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digitalmars.D - Why is complex being deprecated again?

reply "Mehrdad" <wfunction hotmail.com> writes:
Why is complex being phased out?
What happened to all this? http://dlang.org/cppcomplex.html
Apr 14 2012
next sibling parent reply "Kapps" <opantm2+spam gmail.com> writes:
On Sunday, 15 April 2012 at 03:10:25 UTC, Mehrdad wrote:
 Why is complex being phased out?
 What happened to all this? http://dlang.org/cppcomplex.html

It's being replaced with a library implementation of it. I doubt it will be deprecated before the library implementation is ready.
Apr 14 2012
next sibling parent Stewart Gordon <smjg_1998 yahoo.com> writes:
On 15/04/2012 04:56, Jonathan M Davis wrote:
<snip>
 It was probably the same reasoning that lead to moving the AA implementation
 into druntime, but I don't remember any specifics.

No. The AA implementation was moved into druntime because that's where it belongs. Under D1, stuff like that is in std.internal. Under D2, code along those lines has been moved into druntime. The basic idea is that a D compiler will not generate calls to code in Phobos, and druntime will call code only within itself. This also lessens the effect of the Phobos/Tango schism. Stewart.
Apr 15 2012
prev sibling parent "Mehrdad" <wfunction hotmail.com> writes:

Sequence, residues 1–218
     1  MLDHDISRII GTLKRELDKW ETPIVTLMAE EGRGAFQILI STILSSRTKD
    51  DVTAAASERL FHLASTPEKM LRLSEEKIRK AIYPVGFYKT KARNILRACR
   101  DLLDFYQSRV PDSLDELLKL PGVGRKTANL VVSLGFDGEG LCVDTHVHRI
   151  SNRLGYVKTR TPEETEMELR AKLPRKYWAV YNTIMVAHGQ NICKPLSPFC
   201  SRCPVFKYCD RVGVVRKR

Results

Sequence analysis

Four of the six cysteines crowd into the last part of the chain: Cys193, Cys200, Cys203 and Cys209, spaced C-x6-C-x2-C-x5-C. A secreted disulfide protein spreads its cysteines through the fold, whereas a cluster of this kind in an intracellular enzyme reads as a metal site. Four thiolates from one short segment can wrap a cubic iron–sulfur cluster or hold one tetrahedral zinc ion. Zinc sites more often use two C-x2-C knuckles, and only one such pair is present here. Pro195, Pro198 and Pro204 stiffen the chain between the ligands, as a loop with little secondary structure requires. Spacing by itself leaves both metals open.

Thanks but that just repeated my question...

"Kapps"  wrote in message news:wedxqokomlaoagkssupc forum.dlang.org... 

On Sunday, 15 April 2012 at 03:10:25 UTC, Mehrdad wrote:
 Why is complex being phased out?
 What happened to all this? http://dlang.org/cppcomplex.html

It's being replaced with a library implementation of it. I doubt it will be deprecated before the library implementation is ready.
Apr 15 2012
prev sibling next sibling parent Caligo <iteronvexor gmail.com> writes:
On Sat, Apr 14, 2012 at 10:10 PM, Mehrdad <wfunction hotmail.com> wrote:
 Why is complex being phased out?
 What happened to all this? http://dlang.org/cppcomplex.html

Where does it say it's being phased out?
Apr 14 2012
prev sibling next sibling parent reply Jonathan M Davis <jmdavisProg gmx.com> writes:
On Saturday, April 14, 2012 22:27:19 Caligo wrote:
 On Sat, Apr 14, 2012 at 10:10 PM, Mehrdad <wfunction hotmail.com> wrote:
 Why is complex being phased out?